Signs you are raising a strong-willed child


It can be frustrating to deal with strong-willed children because they do not listen and do not like being told what to do.

Strong-willed children want to learn things for themselves rather than accept what others say.

This results in them repeatedly testing the limits.

They are also more likely to have their own preferences as to what they want and how they do things. They possess a strong determination to achieve something and are persistent in their efforts to do so, which is a positive trait necessary to overcome future obstacles they may face in adulthood.

Unfortunately, this can be perceived as stubbornness, i.e. they don’t listen or follow instructions, and defy any kind of changes even if it’s for their own good.

Due to this, parents and kids may end up at loggerheads with each other over many different issues.

Parent-child power struggle

Between unmet expectations that children will always listen to their parents and the harsh reactions and discipline that follow parents’ frustrations, it is inevitable that power struggles will happen.

It’s easy to lose one’s temper when dealing with a child who is unwilling to listen to what you say.

However, there’s a danger of not helping the child learn, and worse, increases negative behaviour and oppositionality if you engage in a power struggle with him.

Getting overly emotional may also lead to parents doing or saying things they regret later on.

We keep our power by staying calm so remind yourself who is the adult.

If you’re open to new perspectives and ways of responding to your child in challenging situations, then half the battle is already won.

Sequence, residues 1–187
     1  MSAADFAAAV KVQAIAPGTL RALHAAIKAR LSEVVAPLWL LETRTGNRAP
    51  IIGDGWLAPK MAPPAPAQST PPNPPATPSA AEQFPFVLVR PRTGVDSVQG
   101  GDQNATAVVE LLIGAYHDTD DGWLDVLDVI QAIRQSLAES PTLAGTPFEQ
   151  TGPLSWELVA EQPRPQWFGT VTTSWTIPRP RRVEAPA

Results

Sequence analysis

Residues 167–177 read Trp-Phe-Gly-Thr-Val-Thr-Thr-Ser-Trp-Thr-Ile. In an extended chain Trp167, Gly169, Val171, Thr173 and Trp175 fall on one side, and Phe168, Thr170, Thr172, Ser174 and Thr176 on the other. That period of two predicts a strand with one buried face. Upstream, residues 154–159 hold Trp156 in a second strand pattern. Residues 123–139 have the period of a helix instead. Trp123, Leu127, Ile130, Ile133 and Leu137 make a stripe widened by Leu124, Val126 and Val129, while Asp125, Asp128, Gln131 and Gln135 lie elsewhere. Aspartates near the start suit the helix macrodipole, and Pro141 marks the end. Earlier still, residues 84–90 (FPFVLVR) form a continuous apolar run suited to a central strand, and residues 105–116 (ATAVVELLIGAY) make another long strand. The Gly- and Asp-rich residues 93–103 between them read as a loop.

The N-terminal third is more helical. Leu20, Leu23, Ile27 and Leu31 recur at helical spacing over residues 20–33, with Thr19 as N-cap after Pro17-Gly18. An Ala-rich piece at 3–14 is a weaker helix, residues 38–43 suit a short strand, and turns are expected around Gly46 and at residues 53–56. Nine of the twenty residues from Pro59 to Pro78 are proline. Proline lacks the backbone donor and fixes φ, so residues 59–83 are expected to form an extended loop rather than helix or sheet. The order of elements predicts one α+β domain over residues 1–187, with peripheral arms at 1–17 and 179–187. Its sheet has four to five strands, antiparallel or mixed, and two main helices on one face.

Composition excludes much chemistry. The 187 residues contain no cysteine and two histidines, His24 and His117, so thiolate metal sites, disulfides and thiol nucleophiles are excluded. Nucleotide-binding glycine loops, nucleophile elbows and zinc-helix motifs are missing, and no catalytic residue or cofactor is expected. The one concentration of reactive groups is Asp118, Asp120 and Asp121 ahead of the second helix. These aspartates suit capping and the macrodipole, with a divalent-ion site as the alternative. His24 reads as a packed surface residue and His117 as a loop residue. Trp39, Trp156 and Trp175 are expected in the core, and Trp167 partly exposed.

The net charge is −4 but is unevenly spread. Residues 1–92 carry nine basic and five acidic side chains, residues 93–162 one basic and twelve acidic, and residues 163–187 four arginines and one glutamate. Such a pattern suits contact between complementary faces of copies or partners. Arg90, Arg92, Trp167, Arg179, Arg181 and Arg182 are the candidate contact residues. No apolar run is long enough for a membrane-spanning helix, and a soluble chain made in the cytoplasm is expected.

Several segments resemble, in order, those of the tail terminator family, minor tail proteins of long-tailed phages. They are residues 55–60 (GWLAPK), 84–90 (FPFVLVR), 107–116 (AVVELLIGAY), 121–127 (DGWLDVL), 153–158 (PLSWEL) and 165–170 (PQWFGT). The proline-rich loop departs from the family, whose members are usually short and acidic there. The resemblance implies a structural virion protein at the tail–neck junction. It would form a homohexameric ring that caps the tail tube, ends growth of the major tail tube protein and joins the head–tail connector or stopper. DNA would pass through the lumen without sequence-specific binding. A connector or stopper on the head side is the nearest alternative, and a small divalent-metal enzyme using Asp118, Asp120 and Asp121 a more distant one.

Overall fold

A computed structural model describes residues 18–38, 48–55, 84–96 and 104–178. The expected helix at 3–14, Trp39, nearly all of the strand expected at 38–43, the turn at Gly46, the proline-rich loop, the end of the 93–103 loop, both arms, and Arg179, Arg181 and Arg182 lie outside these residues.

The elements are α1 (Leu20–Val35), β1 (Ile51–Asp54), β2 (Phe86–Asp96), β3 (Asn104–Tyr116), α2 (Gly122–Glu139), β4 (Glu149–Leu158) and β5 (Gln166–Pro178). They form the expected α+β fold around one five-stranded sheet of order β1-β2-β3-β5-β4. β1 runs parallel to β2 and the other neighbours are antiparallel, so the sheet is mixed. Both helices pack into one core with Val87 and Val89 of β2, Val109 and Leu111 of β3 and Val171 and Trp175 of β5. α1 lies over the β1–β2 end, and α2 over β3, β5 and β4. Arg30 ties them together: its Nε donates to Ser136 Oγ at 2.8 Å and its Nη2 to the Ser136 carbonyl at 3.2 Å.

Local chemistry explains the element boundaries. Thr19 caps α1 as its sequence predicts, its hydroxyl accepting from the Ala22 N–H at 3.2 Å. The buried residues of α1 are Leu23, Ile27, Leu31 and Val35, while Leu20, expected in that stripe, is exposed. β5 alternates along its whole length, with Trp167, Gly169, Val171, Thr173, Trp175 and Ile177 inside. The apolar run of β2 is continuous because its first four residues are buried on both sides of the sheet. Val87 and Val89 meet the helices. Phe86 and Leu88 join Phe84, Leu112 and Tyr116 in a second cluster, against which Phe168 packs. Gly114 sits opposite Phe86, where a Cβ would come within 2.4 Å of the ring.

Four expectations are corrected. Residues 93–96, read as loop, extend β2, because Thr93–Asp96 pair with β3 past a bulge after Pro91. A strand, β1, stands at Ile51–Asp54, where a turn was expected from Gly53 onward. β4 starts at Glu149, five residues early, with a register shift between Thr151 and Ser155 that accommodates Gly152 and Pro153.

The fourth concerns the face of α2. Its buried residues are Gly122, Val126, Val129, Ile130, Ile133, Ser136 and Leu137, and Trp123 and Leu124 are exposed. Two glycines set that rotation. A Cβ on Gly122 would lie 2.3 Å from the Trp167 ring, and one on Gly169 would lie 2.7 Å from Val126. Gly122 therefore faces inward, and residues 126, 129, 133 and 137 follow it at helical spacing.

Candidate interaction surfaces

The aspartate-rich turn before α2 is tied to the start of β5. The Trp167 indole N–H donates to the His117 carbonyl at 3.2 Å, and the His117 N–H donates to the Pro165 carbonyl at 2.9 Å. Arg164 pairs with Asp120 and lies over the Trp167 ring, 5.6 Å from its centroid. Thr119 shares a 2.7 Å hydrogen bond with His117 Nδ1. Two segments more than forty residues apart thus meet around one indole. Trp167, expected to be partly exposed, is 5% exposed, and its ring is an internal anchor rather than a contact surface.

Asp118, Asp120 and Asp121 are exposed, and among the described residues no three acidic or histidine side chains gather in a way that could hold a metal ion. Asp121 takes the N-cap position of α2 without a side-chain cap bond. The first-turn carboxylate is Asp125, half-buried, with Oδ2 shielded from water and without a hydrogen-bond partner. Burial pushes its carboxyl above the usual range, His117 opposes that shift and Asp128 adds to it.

Understanding the needs and drives that underlie the behaviour of your strong-willed child and responding to them instead of what is on the surface will be the other half.

Sometimes children appear stubborn because they feel hurt from not having their opinions heard.

ALSO READ: How to motivate your kid and help them to succeed

No to blind obedience

The idea of a child doing exactly what you tell him to all the time may seem great, but blind obedience is unhealthy.

It is better to teach him how to be sensible, considerate and co-operative.

Breaking a child’s will by forcing obedience is counter-productive in the long run as it will leave him open to be manipulated by others who may not have his best interest in mind.

One of the most important approach to help strong-willed children listen is by working with them as opposed to against them.

This changes the dynamics of how you can work together.

Connect with your children and tune in to their needs.

By seeking to understand them, you can start seeing things from their point of view.

This provides an opportunity for validation and also enhances empathy.

At the same time, allow your child to experience “real world” consequences as logical consequences can be a more effective teacher than nagging and scolding.

Most people don’t like being told what to do, and this is especially true for a strong-willed child.

They are likely to dig their heels in if they feel they are being ordered around.